As life begins to ease and people return to a way of life they knew before, it would be easy to think that the past months of confinement mean we are now free from coronavirus.
Experts want to stress, however, that is far from the case.
Beaches in Belgium heave with tourists, borders open, bars flood with people – but we still need to be careful. Across Europe second waves of infections are beginning to pop up again, and – according to one expert – Belgium is likely not far behind.
As for travelling out of the country, Belgian virologist Marc Van Ranst has been quick to point out some flaws were infections to spread again. “Suppose you were to require a test or a quarantine, that would be impossible. The government does not know where everyone is,” he said, adding keeping track of people returning by car is almost not possible.
Even at the very base of things, there is still uncertainty that the world is totally sure of how the virus spreads, after more than 230 scientists from 32 different countries signed an open letter to the World Health Organisation (WHO) disputing the official view on how the coronavirus Covid-19 can be spread by aerosol.
It might seem like the only thing we have spoken about for months, but there’s every chance that it could keep going.
With so much information, and so little time to catch up before it potentially changes again, here are some of the top stories from around the country to get you up to speed.
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It won’t be long before the new coronavirus re-emerges in Belgium, according to microbiologist Herman Goossens. As more and more countries begin to see a resurgence of the virus, Belgium should be considering its plan of action for the future. Read more here.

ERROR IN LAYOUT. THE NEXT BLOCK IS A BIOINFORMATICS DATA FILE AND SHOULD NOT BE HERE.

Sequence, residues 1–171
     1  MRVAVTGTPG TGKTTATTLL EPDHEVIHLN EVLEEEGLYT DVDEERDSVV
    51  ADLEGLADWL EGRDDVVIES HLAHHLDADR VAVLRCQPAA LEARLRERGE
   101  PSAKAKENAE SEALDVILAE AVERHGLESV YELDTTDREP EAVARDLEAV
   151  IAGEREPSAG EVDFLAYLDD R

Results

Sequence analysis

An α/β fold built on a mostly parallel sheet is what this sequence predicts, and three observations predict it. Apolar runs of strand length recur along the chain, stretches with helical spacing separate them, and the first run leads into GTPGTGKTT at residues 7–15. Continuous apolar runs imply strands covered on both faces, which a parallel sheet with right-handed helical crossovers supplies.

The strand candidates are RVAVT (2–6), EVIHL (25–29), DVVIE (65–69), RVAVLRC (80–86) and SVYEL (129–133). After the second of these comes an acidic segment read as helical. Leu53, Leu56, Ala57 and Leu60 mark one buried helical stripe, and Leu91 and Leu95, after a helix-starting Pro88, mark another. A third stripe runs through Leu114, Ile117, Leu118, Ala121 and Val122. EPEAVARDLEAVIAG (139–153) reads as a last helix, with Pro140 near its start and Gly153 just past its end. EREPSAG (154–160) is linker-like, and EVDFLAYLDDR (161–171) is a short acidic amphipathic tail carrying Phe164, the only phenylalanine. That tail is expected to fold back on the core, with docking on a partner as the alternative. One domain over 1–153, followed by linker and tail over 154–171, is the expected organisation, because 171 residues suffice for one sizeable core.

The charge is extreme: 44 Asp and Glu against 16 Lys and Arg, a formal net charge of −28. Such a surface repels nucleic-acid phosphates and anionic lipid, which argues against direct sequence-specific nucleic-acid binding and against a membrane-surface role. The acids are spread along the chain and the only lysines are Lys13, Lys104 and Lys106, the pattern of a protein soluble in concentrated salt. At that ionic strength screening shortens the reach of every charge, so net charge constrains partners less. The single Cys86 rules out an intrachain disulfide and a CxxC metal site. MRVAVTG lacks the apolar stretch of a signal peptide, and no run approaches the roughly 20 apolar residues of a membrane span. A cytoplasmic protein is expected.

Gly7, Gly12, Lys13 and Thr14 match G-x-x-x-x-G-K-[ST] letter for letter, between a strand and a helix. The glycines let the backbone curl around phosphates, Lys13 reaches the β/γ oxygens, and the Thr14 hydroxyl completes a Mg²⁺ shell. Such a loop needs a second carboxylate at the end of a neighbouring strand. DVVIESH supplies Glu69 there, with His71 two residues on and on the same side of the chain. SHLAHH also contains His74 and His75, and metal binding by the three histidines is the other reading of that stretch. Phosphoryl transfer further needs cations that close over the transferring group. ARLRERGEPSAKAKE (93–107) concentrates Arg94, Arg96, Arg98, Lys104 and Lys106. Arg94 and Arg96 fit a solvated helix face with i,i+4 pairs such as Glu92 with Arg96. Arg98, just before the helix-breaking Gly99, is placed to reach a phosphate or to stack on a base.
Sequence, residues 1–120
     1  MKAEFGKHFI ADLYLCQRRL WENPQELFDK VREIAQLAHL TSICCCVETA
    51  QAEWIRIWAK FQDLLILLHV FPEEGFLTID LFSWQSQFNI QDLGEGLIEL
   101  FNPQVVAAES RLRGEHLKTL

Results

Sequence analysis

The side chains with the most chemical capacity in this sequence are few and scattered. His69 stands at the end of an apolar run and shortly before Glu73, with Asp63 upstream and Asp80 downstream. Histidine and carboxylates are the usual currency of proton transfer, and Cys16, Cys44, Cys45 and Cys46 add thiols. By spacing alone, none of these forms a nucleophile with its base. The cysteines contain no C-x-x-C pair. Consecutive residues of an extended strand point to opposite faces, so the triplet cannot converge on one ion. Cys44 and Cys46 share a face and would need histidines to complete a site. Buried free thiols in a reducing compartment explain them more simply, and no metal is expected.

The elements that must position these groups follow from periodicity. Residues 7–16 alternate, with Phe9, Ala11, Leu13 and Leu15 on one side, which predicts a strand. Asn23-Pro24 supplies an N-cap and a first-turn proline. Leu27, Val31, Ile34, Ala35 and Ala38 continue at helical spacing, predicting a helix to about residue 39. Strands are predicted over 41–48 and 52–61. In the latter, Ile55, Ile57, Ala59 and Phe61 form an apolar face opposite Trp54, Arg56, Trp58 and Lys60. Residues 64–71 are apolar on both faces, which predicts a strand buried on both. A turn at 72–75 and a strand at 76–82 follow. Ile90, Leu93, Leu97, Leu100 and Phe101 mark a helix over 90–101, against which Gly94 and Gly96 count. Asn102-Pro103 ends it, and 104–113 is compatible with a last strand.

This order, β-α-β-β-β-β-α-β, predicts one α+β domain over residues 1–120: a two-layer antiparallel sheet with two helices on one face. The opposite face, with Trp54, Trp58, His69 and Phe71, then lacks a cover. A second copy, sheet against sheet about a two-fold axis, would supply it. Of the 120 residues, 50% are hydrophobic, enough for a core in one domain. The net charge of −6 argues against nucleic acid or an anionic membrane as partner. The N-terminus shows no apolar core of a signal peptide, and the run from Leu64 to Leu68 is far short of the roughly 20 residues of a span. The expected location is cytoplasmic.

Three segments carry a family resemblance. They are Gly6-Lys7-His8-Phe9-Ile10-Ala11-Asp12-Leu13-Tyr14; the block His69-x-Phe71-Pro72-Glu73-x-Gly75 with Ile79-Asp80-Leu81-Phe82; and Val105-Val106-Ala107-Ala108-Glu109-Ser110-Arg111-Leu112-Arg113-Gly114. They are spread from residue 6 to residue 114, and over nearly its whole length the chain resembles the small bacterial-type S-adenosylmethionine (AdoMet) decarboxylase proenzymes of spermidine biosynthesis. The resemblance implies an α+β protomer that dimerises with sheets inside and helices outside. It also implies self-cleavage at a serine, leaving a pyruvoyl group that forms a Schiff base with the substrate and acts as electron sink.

An average of 85.1 people per day tested positive for the new coronavirus (Covid-19) in Belgium, according to figures by the Federal Public Health Service on Monday.
The total number of confirmed cases in Belgium, since the beginning of the pandemic, is 62,016. The total reflects all people in Belgium who have been infected, and includes confirmed active cases as well as patients who have since recovered, or died from the consequences of the virus. Read More.
Member of the European Parliament Moritz Körner has urged Belgian Prime Minister Sophie Wilmès to introduce measures allowing couples in different countries to see each other, despite the travel restrictions.
“[Partners] are not allowed to be together in these times because their loved ones do not have EU citizenship and no official marital status,” Körner wrote in a letter to Wilmès.
“In times when they are most needed, couples cannot be there for each other because most Member States prevent them from entering the European Union. This has to end,” he added. Read More.
More than 230 scientists from 32 different countries have signed an open letter to the World Health Organisation (WHO) disputing the official view on how the coronavirus Covid-19 can be spread by aerosol.
The official view of Covid-19 transmission supports two methods: droplets of saliva from an infected person produced during coughing or sneezing, which are then inhaled by someone else in the vicinity; and particles picked up from surfaces contaminated by such droplets, and then introduced to eyes, nose or mouth by someone else. Read more.
The Brussels public prosecutor’s office confirmed that during the night from Saturday to Sunday, around midnight, several shots were fired on the Place Orban in the Brussels commune of Forest.
One man, born in 1997, died on the spot. Initial reports presumed the man was a minor.
“Two others were wounded by the shots, the two victims were born in 2001 and 2003,” said Denis Goeman, spokesperson of the Brussels Public Prosector’s office, adding that an investigating judge has been put on the case, on the grounds of murder and attempted murder. Read more.